Below are some other pictures from the graveyard:

Copyright 2009 by Daniel Troy Carmichael

Daniel and Gracie at Virgil's headstone.

 

Copyright 2009 by Daniel Troy Carmichael

Part of the old Negro Cemetery*. One monument is visible (just above right of center) and numerous stones, marking various graves. Probably about 30 graves are in this picture, only a few known, visible only by the rocks or sunken ground on either side of the site.

 

* Some have a problem with the word "negro", either through misplaced political correctness or some other problem. Obviously, the United Negro College Fund has no problem with it in context and neither do I. "Negro Graveyard" here is used purposefully and with great honor to those men and women buried there. It would be wrong and disingenuous to call it anything else but that. For those who have not lived amongst the generations of black men and women born during the era of that graveyard, there is little hope I have to convey the honor and respect in calling it thus. To call it African-American or some other nonsensical name would be as uncharitable as to call the local graveyard where my ancestors were buried "Scottish-American" or other some such gobbledygook. We are all Americans, no matter how we came to immigrate here, and make this nation better or worse by our actions, not those of our ancestors. Great honor goes to all that made this nation great, slave or free, black or white, and anywhere in between.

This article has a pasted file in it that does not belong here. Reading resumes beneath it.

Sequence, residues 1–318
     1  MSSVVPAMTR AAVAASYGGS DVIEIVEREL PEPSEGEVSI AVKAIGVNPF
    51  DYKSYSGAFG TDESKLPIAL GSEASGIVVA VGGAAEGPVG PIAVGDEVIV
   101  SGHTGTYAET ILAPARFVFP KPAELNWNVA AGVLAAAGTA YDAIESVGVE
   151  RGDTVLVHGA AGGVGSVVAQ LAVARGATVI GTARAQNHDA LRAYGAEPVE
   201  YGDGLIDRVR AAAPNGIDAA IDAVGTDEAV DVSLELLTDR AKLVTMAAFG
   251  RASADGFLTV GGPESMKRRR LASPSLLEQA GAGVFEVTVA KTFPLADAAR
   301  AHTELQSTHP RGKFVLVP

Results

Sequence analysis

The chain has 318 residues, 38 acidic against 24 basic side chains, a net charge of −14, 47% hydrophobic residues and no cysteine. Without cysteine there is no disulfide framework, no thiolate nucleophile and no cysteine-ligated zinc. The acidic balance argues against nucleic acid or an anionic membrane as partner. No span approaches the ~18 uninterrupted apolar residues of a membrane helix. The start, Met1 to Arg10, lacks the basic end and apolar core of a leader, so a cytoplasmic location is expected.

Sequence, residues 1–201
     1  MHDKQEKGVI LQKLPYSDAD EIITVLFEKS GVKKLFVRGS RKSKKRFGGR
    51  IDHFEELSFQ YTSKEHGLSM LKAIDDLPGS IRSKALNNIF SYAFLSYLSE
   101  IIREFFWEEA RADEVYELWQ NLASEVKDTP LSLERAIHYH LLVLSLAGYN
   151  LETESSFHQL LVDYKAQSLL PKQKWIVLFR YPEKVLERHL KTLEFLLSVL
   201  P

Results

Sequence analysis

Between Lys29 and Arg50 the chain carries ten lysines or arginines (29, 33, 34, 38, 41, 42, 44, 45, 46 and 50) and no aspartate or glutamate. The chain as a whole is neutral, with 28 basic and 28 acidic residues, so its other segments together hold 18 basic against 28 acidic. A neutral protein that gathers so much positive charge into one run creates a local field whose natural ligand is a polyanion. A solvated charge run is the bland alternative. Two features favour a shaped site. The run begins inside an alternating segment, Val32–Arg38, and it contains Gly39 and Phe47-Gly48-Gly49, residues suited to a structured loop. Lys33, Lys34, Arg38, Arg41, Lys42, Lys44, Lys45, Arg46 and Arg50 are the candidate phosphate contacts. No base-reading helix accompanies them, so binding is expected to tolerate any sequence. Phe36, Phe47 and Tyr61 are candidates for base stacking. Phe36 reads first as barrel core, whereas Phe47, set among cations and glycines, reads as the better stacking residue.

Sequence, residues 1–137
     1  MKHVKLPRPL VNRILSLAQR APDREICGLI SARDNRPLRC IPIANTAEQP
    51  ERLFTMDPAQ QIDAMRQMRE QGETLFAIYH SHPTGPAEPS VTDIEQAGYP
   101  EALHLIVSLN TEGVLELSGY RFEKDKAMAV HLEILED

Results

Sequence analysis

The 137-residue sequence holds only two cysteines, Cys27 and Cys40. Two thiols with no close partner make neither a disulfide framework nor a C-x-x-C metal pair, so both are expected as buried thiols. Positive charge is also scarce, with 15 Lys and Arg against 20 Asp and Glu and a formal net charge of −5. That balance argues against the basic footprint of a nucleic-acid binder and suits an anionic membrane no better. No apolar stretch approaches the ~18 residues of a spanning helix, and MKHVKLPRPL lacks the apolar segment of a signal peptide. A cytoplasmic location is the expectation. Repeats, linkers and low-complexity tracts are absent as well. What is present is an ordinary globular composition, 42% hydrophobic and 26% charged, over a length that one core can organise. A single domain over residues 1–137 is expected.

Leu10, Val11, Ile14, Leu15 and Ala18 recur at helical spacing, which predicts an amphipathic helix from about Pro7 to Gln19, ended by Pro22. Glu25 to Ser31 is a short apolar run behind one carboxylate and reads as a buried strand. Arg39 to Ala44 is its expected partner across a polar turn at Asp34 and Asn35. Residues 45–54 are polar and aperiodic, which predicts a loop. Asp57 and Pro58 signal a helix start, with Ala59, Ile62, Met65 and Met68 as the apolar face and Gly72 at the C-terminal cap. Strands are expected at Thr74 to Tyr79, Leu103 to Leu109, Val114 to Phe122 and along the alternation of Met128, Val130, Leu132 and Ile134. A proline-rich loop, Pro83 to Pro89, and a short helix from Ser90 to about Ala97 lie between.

** The ground sunk on either side of a gravesite seems strange, because we normally think, possible due to old wives' tales, that the sunken ground should be over the grave, not on either side. My friend, Chris G., came up with a plausible answer to this dilemma: we believe the ground has sunk on either side of the grave because, after the casket returns to dust (assuming one was used, it would assuredly be wooden), the open space that was within the coffin would then be filled in by the looser dirt on either side of the casket. The ground above the casket would be too hard packed to fill in those voids, as it would be densely packed from having been dug out and refilled at time of the burial.